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Medieval slavery has received little attention relative to slavery in ancient Greece and Rome and in the early modern Atlantic world. This imbalance in the scholarship has led many to assume that slavery was of minor importance in the Middle Ages. In fact, the practice of slavery continued unabated across the globe throughout the medieval millennium. This volume – the final volume in The Cambridge World History of Slavery – covers the period between the fall of Rome and the rise of the transatlantic plantation complexes by assembling twenty-three original essays, written by scholars acknowledged as leaders in their respective fields. The volume demonstrates the continual and central presence of slavery in societies worldwide between 500 CE and 1420 CE. The essays analyze key concepts in the history of slavery, including gender, trade, empire, state formation and diplomacy, labor, childhood, social status and mobility, cultural attitudes, spectrums of dependency and coercion, and life histories of enslaved people.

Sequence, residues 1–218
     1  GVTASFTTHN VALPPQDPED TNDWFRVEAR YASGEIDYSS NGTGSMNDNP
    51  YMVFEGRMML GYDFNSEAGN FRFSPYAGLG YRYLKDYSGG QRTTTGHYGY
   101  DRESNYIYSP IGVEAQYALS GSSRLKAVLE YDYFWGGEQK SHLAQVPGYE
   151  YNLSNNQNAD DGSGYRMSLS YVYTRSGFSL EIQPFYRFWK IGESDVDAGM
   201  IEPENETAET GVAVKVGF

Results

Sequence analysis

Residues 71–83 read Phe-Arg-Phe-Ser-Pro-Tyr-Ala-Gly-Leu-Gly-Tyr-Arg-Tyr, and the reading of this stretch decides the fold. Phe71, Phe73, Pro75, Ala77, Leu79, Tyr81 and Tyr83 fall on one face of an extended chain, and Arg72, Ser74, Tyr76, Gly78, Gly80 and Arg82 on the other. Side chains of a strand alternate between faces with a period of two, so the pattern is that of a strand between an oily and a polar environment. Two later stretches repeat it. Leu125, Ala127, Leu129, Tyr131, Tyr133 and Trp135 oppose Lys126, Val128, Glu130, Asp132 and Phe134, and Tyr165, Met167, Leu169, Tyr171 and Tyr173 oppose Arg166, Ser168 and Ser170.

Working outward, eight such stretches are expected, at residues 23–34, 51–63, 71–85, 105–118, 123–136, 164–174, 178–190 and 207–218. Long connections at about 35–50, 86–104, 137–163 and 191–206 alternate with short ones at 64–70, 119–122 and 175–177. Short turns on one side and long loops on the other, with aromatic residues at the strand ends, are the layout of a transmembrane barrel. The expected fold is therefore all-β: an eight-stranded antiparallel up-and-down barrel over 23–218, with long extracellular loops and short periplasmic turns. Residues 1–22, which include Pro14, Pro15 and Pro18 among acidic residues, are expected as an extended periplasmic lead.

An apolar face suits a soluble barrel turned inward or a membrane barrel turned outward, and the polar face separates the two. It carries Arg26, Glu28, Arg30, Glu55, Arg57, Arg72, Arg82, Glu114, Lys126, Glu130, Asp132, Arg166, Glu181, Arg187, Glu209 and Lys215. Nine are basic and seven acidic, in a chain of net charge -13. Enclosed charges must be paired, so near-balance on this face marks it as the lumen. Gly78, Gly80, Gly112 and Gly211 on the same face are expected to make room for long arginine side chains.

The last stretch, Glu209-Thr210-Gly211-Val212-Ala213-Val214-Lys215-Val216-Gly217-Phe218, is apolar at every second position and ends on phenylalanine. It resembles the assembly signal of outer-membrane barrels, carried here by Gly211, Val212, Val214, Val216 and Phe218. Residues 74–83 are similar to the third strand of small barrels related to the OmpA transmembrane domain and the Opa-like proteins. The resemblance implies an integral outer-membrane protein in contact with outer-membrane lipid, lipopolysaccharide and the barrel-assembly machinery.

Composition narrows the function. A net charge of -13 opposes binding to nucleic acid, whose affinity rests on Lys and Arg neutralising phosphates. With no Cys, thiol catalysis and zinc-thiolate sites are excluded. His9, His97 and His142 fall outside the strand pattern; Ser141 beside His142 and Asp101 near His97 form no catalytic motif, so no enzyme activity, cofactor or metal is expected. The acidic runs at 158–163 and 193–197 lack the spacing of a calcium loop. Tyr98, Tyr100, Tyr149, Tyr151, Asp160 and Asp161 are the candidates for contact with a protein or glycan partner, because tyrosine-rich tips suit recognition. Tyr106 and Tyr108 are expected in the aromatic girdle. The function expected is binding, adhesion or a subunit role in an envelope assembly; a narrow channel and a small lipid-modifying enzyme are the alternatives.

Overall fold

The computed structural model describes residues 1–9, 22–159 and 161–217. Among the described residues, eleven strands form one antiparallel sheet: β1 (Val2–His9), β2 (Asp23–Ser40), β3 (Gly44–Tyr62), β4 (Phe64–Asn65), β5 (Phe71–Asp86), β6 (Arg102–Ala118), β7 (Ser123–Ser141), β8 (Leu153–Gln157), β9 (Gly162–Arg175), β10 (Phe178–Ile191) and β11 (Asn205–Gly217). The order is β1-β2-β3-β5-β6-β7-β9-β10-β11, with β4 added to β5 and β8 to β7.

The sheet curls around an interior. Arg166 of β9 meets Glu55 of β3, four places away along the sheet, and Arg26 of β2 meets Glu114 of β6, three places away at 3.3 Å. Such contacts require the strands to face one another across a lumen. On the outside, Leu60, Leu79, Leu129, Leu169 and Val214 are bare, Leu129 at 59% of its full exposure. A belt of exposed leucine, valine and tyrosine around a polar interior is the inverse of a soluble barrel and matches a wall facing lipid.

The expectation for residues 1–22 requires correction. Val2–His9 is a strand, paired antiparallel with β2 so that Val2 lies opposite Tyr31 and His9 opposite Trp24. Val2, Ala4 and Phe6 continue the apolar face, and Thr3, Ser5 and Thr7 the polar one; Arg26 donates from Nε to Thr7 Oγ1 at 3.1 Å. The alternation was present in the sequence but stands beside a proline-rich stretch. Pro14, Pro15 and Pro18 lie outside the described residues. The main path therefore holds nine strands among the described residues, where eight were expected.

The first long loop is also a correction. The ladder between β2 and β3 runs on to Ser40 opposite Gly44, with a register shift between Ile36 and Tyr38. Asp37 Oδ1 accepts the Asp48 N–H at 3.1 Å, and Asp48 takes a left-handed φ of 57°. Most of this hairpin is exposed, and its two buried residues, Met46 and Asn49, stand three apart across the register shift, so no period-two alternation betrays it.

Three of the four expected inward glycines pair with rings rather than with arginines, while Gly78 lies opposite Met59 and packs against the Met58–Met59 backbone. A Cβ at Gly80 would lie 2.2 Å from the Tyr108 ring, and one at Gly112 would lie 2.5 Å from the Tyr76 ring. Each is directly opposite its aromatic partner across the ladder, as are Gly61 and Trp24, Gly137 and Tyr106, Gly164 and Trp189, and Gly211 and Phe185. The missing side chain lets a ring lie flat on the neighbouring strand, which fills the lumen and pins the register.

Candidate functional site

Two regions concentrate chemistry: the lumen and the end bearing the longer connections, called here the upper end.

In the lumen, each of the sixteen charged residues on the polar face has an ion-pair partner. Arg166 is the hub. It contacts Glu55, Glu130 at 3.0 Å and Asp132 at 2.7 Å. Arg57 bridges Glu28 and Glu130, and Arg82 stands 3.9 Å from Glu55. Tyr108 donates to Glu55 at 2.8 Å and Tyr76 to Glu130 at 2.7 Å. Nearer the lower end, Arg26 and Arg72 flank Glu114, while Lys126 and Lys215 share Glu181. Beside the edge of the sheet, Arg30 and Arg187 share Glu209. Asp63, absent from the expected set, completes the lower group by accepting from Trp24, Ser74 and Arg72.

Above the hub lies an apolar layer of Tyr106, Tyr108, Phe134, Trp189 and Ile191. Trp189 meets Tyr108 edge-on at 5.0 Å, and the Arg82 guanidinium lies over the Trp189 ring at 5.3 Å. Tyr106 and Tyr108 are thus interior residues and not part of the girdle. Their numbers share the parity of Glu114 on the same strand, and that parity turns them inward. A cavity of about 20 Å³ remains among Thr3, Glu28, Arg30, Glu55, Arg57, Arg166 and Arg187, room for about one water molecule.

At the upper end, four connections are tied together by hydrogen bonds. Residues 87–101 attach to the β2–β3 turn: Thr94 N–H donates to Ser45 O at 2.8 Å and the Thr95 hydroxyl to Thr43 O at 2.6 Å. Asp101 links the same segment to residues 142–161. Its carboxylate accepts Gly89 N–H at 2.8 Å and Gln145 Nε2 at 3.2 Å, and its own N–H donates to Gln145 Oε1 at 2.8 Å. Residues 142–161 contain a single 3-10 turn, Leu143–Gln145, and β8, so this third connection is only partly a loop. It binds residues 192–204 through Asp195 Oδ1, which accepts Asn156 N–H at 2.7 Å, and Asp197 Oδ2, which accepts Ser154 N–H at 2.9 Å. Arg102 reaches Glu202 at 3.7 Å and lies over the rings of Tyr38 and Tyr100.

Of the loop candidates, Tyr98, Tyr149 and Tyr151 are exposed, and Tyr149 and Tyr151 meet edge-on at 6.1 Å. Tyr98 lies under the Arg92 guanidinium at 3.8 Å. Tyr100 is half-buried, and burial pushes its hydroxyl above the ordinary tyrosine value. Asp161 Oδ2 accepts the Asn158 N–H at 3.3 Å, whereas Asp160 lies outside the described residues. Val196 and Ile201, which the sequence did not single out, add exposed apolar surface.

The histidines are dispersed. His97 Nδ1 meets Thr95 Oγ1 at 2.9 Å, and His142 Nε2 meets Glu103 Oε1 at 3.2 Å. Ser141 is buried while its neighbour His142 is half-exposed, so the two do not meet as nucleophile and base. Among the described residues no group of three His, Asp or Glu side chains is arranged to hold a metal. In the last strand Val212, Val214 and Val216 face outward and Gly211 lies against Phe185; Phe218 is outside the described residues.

General readers still lack awareness of the prevalence of slavery between the classical period and the post-1420 wider Atlantic World. This phenomenon is not just temporal but geographic, in that Asia, the Indian Ocean World, Amerindian societies and Oceania still receive far less scholarly attention than their populations warrant. This situation exists despite the rapid growth of interest in the general subject of slavery in recent decades. The Islamic conquests and the Mongol expansions generated large numbers of captives, but in fact no society in the Medieval millennium was without enslaved people. While no consensus on the definition of slavery is possible – in this era it assumed a wide spectrum of dependencies - the existence of slave markets across the known world indicates that buyers and sellers shared enough of a common understanding of the practice to sustain a vibrant slave trade. Despite this traffic and major military disruptions, many enslaved people derived their status via birth even though the sources suggest that probably most slaves were female. They also exercised some agency. Prejudice against black people is apparent but the ebb and flow of empires ensured that any group could be a slave, just as any could be a slave owner.